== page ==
professional dancers,” he called to me
quickly disappeared as we all worked hard together, focusing on
Bert's moves. He led us through a very thorough set of isolations
for every part of the body. Then we went through them again in
different combinations, adding increasingly complex footwork.
The class was so invigorating and inspiring that all my worries
before the class now seemed silly. He was a supportive teacher
for everyone, singling various dancers out to demonstrate the
moves to the rest of us when they had achieved what he was attempting
to convey at the time. I was still unable to pay for lessons,
so it was to be the one and only class I ever had with Roman “Bert”
years later, in Salt Lake City in 1975, Bert joined me spontaneously
on-stage at Athens West. It was the sort of dance, and he was
the sort of partner, that made you feel as if you had danced
together for your whole life.
Now from time
to time, I see him at the Rakkasah West Festival, and he always
has a warm smile and a greeting for me, though I am certain he
does not remember me and the two occasions on which we made magic
together. I believe it is the signature of a gentleman to make
a woman feel as if she is the center of his universe, even if
it is only for five minutes.
When I danced
with him in perfect harmony that night in Salt Lake, the timid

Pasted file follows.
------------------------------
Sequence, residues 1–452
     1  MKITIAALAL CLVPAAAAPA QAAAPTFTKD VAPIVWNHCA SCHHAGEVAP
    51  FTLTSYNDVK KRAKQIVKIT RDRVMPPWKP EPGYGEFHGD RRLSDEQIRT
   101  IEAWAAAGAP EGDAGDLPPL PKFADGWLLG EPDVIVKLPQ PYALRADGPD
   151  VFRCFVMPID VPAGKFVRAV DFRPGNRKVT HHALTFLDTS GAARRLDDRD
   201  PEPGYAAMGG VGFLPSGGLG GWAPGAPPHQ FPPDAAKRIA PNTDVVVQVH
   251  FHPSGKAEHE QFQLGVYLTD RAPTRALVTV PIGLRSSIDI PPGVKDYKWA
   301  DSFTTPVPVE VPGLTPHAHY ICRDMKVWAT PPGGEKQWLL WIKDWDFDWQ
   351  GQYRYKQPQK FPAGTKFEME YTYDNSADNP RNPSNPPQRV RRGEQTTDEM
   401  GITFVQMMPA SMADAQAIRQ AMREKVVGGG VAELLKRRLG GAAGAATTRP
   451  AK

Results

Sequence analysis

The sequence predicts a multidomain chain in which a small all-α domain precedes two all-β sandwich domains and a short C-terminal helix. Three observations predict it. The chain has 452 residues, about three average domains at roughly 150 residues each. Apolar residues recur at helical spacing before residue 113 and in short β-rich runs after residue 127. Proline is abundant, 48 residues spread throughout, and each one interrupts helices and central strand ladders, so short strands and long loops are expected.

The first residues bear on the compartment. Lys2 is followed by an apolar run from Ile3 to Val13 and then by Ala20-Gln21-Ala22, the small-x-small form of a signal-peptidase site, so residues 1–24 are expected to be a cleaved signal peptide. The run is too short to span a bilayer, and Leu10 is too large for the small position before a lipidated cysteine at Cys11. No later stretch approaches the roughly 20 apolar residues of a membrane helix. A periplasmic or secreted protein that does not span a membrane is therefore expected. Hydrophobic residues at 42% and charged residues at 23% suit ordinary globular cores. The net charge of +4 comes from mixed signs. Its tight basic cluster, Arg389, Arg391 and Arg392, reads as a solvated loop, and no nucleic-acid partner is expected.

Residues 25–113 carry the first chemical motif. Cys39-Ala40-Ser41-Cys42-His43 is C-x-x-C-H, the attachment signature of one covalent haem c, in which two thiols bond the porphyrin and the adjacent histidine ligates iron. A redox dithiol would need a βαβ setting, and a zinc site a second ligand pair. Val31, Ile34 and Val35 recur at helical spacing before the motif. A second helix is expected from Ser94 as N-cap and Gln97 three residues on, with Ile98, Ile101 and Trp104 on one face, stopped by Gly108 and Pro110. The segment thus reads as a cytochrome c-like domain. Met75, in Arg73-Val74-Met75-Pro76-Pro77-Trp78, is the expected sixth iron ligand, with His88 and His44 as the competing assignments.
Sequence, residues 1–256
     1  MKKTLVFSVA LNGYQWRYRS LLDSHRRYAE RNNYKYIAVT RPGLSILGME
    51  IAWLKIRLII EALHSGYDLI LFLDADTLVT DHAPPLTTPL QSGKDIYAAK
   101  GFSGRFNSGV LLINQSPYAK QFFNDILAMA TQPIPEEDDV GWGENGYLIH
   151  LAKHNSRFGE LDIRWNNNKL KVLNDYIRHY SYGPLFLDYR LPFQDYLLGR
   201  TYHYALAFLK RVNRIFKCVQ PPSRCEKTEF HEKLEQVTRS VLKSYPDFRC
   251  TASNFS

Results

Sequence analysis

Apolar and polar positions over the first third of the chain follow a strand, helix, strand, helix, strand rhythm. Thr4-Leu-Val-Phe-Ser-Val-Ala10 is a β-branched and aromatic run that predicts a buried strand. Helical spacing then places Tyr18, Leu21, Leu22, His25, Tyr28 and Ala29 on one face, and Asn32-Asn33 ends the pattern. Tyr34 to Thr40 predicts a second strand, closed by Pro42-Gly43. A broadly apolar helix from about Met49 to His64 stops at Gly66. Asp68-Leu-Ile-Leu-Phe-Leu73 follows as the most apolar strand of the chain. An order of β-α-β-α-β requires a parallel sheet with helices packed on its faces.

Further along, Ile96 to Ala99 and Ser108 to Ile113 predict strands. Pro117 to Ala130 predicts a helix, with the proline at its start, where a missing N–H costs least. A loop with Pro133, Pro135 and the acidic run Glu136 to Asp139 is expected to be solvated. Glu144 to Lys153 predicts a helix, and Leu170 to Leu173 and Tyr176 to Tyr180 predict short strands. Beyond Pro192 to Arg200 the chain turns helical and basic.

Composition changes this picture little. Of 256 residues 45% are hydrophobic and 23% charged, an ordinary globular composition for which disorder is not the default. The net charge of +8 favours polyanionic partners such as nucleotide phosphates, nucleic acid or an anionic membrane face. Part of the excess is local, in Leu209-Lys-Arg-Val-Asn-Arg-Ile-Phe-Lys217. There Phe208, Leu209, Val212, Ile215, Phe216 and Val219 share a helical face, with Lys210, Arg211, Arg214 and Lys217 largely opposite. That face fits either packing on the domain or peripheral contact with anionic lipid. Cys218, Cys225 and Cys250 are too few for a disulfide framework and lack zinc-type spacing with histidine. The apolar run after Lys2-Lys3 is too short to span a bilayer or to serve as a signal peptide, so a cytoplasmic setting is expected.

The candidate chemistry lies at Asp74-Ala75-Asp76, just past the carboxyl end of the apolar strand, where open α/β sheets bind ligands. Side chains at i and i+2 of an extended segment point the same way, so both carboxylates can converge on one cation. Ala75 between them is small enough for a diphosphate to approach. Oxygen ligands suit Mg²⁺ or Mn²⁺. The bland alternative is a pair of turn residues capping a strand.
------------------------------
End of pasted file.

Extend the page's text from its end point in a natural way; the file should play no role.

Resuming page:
little “Baby-Belly” (as some of us earlier North Beach
Dancers referred to ourselves at that beginning stage of our careers)
had long since disappeared. In her place was a dancer of confidence
we spent together that day will always be one of my happiest memories!
it had not been for his highly talented and generous student,
who had taught me into my professional career for no payment,
we never would have had that magic moment, which I carry next
to my heart like a precious jewel.
Roman “Bert” Balladine.
Thank you Sharlyn!
I owe you
both so much more than I can ever, ever, say…
a comment? Send us a
Check the "Letters to the Editor"
for other possible viewpoints!
more from Zaharr
3-25-04 Zaharr's Memoir,
Part 8- Early
actually threw money in our hat!
Memoir, Part 7 Putting it together
I planned a little treat for you today,” she confided, “let’s
see how this works.”
Romancing the Road (The Bousada
Troupe Tours) by Yasmela
carved our own niche, created our own style, scandalized, delighted,
educated and entertained everyone around us, including ourselves.
We were “Bou-Saada”.
Saving Grace, Belly Dance
Comics by Alexandria
I sit here for a few moments?"
Francisco Ethnic Dance Festival Photo
12-27 2004 Palace of Fine Arts photos
by Susie Poulelis
last night, you can still see this show tonight and tomorrow and
see more next weekend!